With the hot weather forcing refrigeration kit to work a lot harder than normal, catering supplier Fridgeland has published an end-user guide to keeping energy bills in check.
The Bury-based supplier has 18 years’ experience serving the catering equipment market and offering discounted supplies of commercial refrigeration.
And as the mercury soared yesterday, its online division released its seven top tips for customers wanting to keep their chillers and freezers running efficiently.
Here they are:
1. It is best to start with an energy efficient fridge in the first place
So choose energy efficient models when buying a new fridges and freezers for your store. ECA approved models are normally better, but the ECA scheme is sometime difficult to understand
2. Replace the lights in your fridges and freezers with LED tubes
These are now available as straight swaps for standard tubes. LED tubes have 3 ways to save money. First they are just more efficient (around 75% lower energy use compared to fluorescent light tubes). Secondly, they last far longer than standard tubes, so you only buy and fit one LED for every 4-5 fluorescent tubes. Finally LED tubes produce virtually no heat, so where a fridge is working harder to compensate for the heat produced by a fluorescent tube it doesn’t have to do with an LED.
3. Avoid overstocking.
Commercial fridges blow cold air into the display / holding area. Once in this area the cold air needs to be able to move around products and shelves in order to reach everywhere. Load fridges sensibly and avoid creating walls of products which may restrict airflow.
4. Avoid poor positioning.
Fridges need to breath, they product cooling, which is directed inside the unit, and heat which is blown out of the unit (usually from the back). Ensure fridges and freezers have an adequate gap to the rear and top and don’t place in direct sunlight, heat sources or draft sources such as air conditioning, fans or open doors/ windows. Glass door units and multidecks are particularly sensitive to the outside conditions so take extra care with these models.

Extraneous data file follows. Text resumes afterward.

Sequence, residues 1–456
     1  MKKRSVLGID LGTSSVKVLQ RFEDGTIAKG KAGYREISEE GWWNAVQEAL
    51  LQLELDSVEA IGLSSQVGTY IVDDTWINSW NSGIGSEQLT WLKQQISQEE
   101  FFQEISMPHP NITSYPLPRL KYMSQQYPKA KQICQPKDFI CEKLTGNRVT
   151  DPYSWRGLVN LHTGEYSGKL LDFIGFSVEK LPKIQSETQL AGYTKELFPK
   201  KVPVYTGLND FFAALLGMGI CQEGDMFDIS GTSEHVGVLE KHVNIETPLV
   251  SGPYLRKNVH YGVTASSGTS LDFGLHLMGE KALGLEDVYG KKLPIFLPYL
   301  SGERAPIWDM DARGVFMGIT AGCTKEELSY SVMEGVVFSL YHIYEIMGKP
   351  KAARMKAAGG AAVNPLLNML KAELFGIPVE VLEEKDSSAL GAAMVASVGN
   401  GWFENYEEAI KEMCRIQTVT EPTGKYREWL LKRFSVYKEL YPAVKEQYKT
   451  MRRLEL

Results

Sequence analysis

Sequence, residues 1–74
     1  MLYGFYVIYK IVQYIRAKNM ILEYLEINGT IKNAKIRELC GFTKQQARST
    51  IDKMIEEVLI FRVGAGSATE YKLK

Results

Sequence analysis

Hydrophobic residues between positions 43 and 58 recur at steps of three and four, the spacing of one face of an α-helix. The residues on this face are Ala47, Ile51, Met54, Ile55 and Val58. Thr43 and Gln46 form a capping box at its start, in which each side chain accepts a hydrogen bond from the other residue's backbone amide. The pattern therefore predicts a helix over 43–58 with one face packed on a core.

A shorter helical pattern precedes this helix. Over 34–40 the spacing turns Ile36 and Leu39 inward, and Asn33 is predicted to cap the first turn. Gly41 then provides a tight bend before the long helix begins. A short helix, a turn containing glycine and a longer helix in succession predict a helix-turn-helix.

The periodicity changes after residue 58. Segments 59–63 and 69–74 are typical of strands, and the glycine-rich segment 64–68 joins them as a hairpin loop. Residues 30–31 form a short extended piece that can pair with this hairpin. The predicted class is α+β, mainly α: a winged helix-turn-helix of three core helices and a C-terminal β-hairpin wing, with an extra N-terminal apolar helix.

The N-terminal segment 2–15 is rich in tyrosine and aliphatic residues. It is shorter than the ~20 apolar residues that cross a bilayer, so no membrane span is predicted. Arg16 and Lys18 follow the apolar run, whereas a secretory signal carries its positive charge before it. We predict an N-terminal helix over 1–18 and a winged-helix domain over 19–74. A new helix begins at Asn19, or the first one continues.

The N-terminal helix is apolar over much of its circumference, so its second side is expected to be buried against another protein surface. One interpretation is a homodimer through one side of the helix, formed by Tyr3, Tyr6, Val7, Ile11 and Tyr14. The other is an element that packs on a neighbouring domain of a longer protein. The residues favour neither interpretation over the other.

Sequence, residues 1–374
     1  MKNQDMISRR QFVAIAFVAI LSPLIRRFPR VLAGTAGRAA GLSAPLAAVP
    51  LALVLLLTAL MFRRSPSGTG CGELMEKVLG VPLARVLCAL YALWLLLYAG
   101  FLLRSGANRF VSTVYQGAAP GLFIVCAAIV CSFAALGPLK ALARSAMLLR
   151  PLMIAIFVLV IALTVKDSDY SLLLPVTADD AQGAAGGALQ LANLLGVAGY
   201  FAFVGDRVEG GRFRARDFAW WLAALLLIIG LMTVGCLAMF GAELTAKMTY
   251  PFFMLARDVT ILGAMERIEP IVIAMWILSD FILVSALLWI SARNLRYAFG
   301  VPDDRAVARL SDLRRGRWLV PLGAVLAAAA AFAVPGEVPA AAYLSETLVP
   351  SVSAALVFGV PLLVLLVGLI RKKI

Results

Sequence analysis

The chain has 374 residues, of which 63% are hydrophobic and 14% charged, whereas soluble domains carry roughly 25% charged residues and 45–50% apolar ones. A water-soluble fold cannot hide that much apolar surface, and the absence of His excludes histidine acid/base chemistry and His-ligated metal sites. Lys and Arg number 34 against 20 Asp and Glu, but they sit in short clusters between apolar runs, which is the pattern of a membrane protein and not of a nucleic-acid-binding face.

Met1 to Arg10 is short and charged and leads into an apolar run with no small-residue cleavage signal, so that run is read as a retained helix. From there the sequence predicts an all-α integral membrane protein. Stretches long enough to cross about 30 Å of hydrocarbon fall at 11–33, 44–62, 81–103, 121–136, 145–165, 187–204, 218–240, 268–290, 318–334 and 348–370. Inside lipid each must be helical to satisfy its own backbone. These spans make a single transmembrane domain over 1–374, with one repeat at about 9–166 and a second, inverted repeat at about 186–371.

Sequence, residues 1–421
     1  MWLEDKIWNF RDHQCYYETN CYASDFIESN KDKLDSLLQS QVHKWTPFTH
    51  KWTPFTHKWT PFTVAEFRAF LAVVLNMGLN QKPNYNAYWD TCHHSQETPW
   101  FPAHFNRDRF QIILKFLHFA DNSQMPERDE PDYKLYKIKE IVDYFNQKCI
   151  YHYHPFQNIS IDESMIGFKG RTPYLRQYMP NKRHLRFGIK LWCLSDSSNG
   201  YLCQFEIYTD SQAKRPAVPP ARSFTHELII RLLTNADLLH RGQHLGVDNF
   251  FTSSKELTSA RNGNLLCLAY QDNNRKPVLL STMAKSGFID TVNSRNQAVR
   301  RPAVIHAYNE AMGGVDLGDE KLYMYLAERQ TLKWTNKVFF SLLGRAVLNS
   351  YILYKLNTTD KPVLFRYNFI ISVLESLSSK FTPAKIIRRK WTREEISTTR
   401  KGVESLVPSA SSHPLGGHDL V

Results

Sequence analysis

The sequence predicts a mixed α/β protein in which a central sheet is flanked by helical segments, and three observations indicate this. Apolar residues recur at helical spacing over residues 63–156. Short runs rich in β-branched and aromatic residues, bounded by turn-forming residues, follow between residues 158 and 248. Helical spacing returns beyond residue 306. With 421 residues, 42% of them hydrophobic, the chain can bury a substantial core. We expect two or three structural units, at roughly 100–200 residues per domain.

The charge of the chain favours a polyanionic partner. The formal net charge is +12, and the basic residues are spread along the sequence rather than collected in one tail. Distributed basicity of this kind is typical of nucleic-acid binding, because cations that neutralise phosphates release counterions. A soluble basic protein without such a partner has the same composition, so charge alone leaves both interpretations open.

5. Clean the condensor.
This is effectively the air intake of the fridge / freezer. If the condensor becomes blocked, the unit will work extra hard in order to try and achieve temperature and subsequently will use a lot more energy. Blocked condensors also cause component failure including compressor failure.
6. Shut that door!
In commercial uses staff often leave doors open for long periods. Add this to the fact that commercial units are opened much more frequently than domestic fridges and freezers. When a door is opened warm air from outside goes into it and the fridge warms up – spikes in temperature. Once the door is closed, the fridge has to work to bring the temperature inside back down again. The less time the fridge is open, the less it will warm and the less energy required to bring it back from a temperature spike.
7. Give it a manual defrost.
Many commercial fridges have auto-defrosting. But in warm and humid weather the ice build up on the coil can become too heavy for the defrost cycle to remove it all. This can lead to poor circulation and increased running times – more energy. To manually defrost a fridge or freezer, turn it off completely and if it has a door, prop this open and leave it overnight. If there is water on the floor in the morning this was ice which was on the coil.